Erath Volunteer Fire Department
Spirit of Erath Centennial Series
This is a special tribute to all of the firemen who have selflessly served the Erath Volunteer Fire Department since the of it's life in 1946.
The infancy of any community brings forth struggle and survival. Though difficult adapting to problems, death and destruction, becomes a way of life. As with natural disasters, destructive fires have posed problems since Erath's birth. However, the town has always managed to survive whatever crossed it's path. Although fires caused problems before 1911, Hinkley's Bakery fire on Kibbe street was Erath's first recorded blaze in 1912. Without a water system in place, residents fought fires with buckets of water.
In 1914, a water system was installed in the Village of Erath. Behind the old Bank of Erath, (now the Acadian Museum), a water tower was constructed and fire hydrants were installed to assist residents in fighting fires. However, the equipment at that time only included approximately two hundred feet of hoses, which was hooked up to a hand drawn cart. Although the Abbeville Fire Department was called in emergency situations, fires still managed to destroy buildings and homes at this time. In the mid thirties, the Cotton Gin on the corner of Derouen and Gin Street, was destroyed by fire. (Emmett and Grace Bares' home was built on the site of that cotton gin).
By the year 1938, Cap's Confectionery, Bijou Dance Hall and T. J. Suire's Dry Goods Store burnt, leaving nothing but ash and debris. With a limited water system, not much could be done other than to control the fire from spreading to other buildings. That horrendous blaze consumed not one, but three businesses located on the comer of Broadway and East Lastie. (This site is where the Bank of Erath and parking lot now stands.
Upon his return from World Wm II, Lee Bernard played a major role in organizing Erath's Volunteer Fire Department in 1946. Bernard served as Fire Chief from 1946- 1952. The equipment of the Fire Department at that time included one truck, a two hundred fifty gallon water tank, ladders, hoses, picks and axes. Fire fighting techniques were taught to mea residents, who volunteered to serve as community fire fighters. The fire alarm at that time, was a large bell that firemen rang at the news of a blaze. The bell hung from one of the lines that ran under the water tower. The Erath Fire Department Fire Chiefs through it's fifty five year history have included: Lee Bernard, 1946-1952; Lawrence Broussard, 1953-1959; Purfay/cry Richard, 1959- 1967; Donald Menard, 1967- 1972; Junius Lemaire, 1972-1976; Donald Menard 1976-1992; Russell Delahoussaye; 1992-1999; Tony Richard, 1999-2000 and Russell Delahoussaye, was back in 2000. Currently Wayne Mouton is the town's fire chief.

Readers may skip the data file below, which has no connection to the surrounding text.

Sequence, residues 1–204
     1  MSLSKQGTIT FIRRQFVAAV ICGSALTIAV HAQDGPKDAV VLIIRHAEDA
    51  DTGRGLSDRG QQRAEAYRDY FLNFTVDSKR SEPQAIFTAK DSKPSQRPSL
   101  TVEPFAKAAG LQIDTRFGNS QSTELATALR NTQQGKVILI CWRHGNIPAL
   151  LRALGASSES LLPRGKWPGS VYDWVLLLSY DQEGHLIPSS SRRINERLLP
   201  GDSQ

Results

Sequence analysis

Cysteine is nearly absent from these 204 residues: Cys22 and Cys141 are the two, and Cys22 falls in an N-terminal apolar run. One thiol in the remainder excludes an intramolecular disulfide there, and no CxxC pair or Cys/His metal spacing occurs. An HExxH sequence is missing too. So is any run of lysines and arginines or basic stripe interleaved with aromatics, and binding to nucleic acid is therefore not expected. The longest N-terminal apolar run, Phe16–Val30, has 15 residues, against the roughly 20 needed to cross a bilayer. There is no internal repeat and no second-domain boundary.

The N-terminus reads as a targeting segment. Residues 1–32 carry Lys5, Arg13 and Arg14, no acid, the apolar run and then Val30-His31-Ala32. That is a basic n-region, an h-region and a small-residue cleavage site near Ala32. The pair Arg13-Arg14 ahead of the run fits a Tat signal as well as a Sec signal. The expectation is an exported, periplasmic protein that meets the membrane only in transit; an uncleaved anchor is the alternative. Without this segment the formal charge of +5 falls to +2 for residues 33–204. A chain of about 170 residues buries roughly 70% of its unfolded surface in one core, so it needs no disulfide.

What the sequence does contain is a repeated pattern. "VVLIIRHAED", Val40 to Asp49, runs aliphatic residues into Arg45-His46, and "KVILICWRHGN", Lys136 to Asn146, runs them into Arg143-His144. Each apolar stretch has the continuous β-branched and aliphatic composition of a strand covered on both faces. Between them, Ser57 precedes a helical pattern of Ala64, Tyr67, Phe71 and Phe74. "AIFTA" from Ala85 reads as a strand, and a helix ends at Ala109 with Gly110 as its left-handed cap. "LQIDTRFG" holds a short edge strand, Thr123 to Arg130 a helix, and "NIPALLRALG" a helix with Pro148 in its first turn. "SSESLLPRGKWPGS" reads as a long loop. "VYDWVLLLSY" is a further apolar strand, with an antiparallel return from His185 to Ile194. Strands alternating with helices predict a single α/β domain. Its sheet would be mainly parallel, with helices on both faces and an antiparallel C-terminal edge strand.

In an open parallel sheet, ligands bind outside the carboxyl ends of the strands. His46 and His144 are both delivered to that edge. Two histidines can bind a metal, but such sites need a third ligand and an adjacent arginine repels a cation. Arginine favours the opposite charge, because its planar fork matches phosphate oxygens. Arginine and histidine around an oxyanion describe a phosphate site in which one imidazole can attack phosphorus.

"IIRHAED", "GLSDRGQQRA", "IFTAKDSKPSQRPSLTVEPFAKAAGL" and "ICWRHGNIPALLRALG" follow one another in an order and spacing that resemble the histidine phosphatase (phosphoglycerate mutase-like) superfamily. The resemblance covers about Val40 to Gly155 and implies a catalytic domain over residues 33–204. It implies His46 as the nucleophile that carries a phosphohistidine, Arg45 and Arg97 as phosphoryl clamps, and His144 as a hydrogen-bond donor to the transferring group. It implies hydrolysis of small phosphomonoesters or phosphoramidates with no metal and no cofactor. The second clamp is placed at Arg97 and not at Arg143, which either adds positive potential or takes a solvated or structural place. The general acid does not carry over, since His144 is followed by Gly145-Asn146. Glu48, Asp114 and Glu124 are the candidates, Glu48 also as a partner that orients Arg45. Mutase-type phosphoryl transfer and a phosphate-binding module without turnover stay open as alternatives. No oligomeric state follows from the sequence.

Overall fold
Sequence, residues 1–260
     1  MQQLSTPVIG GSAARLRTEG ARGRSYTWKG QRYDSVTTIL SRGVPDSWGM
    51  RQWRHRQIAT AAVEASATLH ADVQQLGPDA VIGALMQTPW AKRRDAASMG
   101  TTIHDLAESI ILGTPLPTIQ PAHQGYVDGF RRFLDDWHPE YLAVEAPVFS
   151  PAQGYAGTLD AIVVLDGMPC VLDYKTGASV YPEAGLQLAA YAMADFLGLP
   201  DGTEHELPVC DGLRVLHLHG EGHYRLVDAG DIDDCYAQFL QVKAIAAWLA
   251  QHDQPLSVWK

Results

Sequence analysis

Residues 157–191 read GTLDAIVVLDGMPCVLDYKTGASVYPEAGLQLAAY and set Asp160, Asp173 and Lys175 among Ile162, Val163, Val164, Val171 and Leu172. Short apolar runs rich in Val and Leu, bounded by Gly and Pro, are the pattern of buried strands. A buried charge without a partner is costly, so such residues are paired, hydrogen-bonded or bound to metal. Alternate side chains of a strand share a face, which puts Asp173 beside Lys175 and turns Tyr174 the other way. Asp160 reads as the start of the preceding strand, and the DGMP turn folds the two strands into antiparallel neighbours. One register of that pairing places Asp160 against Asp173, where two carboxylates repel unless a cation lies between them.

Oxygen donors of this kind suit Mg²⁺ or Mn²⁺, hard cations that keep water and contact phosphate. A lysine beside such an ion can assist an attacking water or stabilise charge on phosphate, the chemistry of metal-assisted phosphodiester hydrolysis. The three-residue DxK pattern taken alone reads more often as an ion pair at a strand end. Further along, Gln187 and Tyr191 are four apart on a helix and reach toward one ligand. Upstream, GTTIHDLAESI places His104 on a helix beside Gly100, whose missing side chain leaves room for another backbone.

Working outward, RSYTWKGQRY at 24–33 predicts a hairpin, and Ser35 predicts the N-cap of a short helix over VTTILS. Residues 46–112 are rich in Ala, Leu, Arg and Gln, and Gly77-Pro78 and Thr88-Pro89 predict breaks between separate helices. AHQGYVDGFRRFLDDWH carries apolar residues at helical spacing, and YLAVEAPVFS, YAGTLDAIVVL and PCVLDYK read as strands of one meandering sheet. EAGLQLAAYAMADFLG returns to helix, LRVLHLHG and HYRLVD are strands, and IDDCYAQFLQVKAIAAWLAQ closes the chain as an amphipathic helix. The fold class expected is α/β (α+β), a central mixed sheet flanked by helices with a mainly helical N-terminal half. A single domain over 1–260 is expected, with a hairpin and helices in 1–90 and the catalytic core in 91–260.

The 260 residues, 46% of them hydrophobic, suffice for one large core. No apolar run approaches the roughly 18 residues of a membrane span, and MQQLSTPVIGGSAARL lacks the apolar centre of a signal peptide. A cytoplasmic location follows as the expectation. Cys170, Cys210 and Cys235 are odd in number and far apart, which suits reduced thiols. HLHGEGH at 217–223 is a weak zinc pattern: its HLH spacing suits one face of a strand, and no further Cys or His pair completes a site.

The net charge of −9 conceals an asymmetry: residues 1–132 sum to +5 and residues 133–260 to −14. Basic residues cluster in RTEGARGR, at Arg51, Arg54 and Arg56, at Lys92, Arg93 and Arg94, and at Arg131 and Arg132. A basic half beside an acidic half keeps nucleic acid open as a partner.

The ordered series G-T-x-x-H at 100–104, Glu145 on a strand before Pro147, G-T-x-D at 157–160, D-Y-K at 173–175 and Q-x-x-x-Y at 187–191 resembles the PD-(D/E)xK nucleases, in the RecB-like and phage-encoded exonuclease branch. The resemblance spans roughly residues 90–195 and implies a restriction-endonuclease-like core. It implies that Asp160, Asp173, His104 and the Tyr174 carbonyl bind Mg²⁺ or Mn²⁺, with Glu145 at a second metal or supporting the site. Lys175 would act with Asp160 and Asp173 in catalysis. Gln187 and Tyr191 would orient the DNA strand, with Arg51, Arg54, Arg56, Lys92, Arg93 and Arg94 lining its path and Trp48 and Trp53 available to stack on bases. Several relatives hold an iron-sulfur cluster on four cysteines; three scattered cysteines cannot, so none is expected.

1964 brought with it, the destruction of the town's Fire Station and, City Hall. With an twist of Hurricane Hilda's winds, the water tower holding 40,000 gallons of water, collapsed, leaving behind rubble and eight dead men. Following that horrendous accident, found lying amidst the debris, was the unharmed fire (alarm) bell. In 1965, a new fire department was built on the comer of Kibbe and Bourque Street. Placed in front of the new fire station, was the fire station's fire, which somehow survived the tremendous impact of the water tower fall. Perched for all to see, that tiny piece of history truly symbolizes the old and new, past and present, tragedy and of course, survival. The survival of a community when destruction paved a path through the town of Erath.
Spirit of Erath Articles (Keys to the Past Series)
Written by Stacy Bodin, Erath's 100th Anniversary Erath Centennial Historian (1999)
A Special Thank You
goes out to Attorney Warren Perrin;
the Acadian Museum in Erath;
Curney Dronet, (Erath Author);
the Abbeville Meridional (Local Newspaper);
(The late) Clement Bourgeois Jr., (Erath Historian);
John LeBlanc (Town Official);
The 1999 Centennial President Jackie Vincent;
Robert Vincent (Acadiana Museum Director);
and my parents Larson "Cap" and Gertie Hebert Bodin
who assisted me in my research in this project.
The articles presented in memory of
Relie LeBlanc III
whose enthusiasm and love of Erath
inspires me still today in my quest of
researching and writing about our community.
His "Unity in the Community" motto
will forever remain in my heart.
Photo of LeBlanc is
Courtesy of Dickie Durr's Thrifty Way of Abbeville
Questions or comments?
Email Stacy Bodin